A Little Sad and a Lot of Happy

Just want to start with a video that sums up my mood lately.

Yes, happy sad happy happy sad happy. Pretty much we can’t be sad long because happiness is brimming under the surface waiting to pounce! :)

As far as being sad…  Nothing major has happened. No battles or medical issues (lately). No natural disasters. Okay we did have a flood, but that happens every time it rains in San Diego. :)  And driving a VW Bug through a lake that used to be a road is not a good idea. :) But all in all we kept  Laelia’s casts dry and had fun listening to the rain.

The only sadness lately has come from thoughtless comments, both  anonymous  and in person.

Anonymous comments (usually through YouTube or occasionally through my blog) are easy enough to deal with. I just feel bad and then delete them. Done deal. But in person it’s harder. And since the holidays bring a lot more people out for shopping, and these people are generally stressed out, I’ve had to deal with some random comments from thoughtless strangers. We (Laelia and I)  heard so many negative things while going to Target for toothpaste one day that I came home in tears. Then add to that all the  recent  trips to the aquarium, the grocery store, the post office… well we heard a lot of comments.  Here are a  few of the  things people  have  said  in the last two weeks  and  my response to each.

Stranger: “What is wrong with her?”   My response: “What is wrong with that sentence?”

I’ve heard this question the most and it’s the most offensive. When making my response I try to do it  without sarcasm and while smiling. That  works way  better than my typical response of, “Nothing!! What’s wrong with your face?!” Okay just kidding. :) But asking what’s wrong with the sentence  does get  people to evaluate what they’re saying, or at least let them know that I’m holding them accountable.

Stranger: “When will she be able to run around again?” Me: “Well, casts come off on  January 7th!”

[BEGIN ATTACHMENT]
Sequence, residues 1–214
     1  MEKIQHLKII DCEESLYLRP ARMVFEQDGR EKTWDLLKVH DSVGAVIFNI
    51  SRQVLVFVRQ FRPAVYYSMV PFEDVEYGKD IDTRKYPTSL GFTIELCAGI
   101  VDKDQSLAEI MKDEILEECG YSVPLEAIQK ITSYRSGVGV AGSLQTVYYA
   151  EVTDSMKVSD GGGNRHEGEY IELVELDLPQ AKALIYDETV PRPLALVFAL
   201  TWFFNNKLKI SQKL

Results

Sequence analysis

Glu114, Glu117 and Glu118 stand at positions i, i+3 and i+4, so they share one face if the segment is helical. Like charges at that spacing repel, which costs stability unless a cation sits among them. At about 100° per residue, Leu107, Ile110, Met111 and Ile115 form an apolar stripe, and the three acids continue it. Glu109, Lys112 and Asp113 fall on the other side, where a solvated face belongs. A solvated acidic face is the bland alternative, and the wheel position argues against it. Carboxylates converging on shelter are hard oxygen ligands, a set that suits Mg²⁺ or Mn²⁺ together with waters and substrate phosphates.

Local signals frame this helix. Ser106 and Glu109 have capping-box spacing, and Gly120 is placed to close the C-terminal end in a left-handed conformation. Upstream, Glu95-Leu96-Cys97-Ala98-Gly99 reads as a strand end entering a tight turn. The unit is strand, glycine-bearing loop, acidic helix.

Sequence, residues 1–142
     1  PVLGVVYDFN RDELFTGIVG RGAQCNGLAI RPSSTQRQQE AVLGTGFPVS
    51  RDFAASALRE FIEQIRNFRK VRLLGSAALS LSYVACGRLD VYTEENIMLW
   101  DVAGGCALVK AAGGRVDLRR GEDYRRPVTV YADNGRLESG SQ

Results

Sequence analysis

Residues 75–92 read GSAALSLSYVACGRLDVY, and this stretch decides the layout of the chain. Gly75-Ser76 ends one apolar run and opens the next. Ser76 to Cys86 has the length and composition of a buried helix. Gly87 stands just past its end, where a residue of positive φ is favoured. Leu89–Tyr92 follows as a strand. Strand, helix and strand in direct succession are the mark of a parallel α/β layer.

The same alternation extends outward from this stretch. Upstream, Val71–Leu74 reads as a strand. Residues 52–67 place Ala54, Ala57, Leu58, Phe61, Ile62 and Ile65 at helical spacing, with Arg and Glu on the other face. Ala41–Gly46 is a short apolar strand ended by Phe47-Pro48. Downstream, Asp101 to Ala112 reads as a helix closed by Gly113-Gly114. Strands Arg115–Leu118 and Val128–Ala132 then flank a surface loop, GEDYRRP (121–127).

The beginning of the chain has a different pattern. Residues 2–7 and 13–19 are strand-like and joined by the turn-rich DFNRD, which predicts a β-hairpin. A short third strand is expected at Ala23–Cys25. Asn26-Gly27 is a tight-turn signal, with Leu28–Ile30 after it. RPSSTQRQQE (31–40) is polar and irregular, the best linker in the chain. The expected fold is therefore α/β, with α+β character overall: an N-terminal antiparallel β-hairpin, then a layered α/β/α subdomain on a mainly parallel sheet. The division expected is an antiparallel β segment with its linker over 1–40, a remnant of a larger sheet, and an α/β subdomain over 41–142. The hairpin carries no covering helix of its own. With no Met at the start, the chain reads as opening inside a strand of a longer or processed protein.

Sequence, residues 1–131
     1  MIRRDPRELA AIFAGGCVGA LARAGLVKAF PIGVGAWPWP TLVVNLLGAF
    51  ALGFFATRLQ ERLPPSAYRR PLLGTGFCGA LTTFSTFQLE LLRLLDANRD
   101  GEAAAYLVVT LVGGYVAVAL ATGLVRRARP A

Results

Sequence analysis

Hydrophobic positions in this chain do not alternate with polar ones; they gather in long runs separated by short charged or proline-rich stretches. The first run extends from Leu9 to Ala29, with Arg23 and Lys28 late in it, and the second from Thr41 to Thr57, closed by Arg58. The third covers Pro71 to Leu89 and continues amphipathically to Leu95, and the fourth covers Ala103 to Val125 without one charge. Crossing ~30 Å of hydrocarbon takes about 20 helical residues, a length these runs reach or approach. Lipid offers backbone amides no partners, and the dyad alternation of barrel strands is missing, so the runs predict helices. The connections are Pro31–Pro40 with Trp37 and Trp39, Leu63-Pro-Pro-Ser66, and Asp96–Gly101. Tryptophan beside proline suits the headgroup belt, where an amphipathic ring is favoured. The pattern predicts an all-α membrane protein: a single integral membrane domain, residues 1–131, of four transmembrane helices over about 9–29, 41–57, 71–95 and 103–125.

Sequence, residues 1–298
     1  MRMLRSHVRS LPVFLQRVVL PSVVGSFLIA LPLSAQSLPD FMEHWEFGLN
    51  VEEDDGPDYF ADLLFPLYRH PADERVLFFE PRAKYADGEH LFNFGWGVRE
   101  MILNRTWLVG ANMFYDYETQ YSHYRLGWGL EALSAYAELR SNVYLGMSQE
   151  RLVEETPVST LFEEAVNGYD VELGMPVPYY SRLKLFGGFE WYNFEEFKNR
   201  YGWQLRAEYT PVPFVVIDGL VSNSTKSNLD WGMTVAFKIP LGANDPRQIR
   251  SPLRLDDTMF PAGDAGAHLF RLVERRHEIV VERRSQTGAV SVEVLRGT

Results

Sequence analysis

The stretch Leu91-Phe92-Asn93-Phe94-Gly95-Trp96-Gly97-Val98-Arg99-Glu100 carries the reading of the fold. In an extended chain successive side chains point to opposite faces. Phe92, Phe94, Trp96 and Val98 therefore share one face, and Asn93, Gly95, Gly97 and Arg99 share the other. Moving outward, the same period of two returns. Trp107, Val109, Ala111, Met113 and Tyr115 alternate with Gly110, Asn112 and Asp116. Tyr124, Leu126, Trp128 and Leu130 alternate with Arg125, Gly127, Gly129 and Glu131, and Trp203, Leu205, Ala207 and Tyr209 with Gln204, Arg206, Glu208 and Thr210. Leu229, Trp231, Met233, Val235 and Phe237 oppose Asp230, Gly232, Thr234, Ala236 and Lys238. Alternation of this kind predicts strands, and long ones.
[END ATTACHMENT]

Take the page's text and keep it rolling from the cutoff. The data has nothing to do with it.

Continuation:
This comment is fine to ask, but just hard to answer. What I want to say is, “If God thought running around was so great, he would have made sure his favorite kid could do it!” :) A stranger’s question that involves a complicated answer (like going into your daughter’s  incurable condition)  is best avoided. I mean, doctors told me she’d never walk, but I’ve learned that maybe in a quick conversation with someone I’ll never see again,  it’s probably not the best time to bring that up. One nice lady we met at the aquarium asked Laelia, “Are you ready to run in two weeks?” And Laelia got all excited and yells, “Yeah!”    I  pulled Lali aside later  and explain how we hope she’s able to run very soon, in her own way.  And that might even be in a fast power chair! (Her response was the same: “Yeah!” Love my kid!)

Stranger: “What happened?!” Me: “Skiing or bungee jumping  accident. I don’t remember, I was  pretty high  at the time.” :-D

Nothing happened! This is a normal part of our life! I didn’t injure her! Once again this question is kind of a punch in the gut even when it’s not intended that way. I walked around Target the other day and so many people said this to me in a not-so-nice tone, or worse–asked  each other this question out loud so we could overhear  them as  they  walked past us. Or even worse!  They  said it amongst themselves followed by saying, “Poor little kid,” as they walked by,  but in a tone that carried all the judgement of the world, and directed  straight at  me.  Sometimes people assume that if your kid is in casts then you’ve hurt her. Some people are assumers (and I say that with all the force of a cuss word). Responding in a joking voice, “rock climbing” to that question always gets a more reasonable dialog going after that, and gives me a chance to explain, “There was no injury. She was born with her legs in one position so they recently fixed that surgically.”

Stranger: “May I ask what happened?” Happy me: “Of course!”

I don’t mind answering  questions! In fact we visited a church last Sunday and ended up spending a lot of time talking about arthrogryposis  and not once did someone say something offensive! It can be done! I don’t mind if people want to know about my kid (my favorite subject)–I don’t mind questions, I don’t mind other kids’ curiosity–that’s all fine. Just don’t say anything that could be interpreted, “Why is your child a mutant?” and we’ll be fine. :)

Oh and while I’m on this rant about being tactful, drivers need the same lesson. I can’t get Lali’s wheelchair down a curb; up is fine, but down is hard. I need the handicapped parking space near the little ramp. I have a placard for just that reason, but  during that same tearful Target trip mentioned above,  there was a guy parked  backwards in the  blue lined  space blocking the ramp. So after a while waiting in the rain with a shabby cover over those plaster casts we’re not suppose to get wet, I went into the store to ask the employee to  send out a page over the  loud speaker  asking  them to move. She responded, “But he’s just trying to make a return.”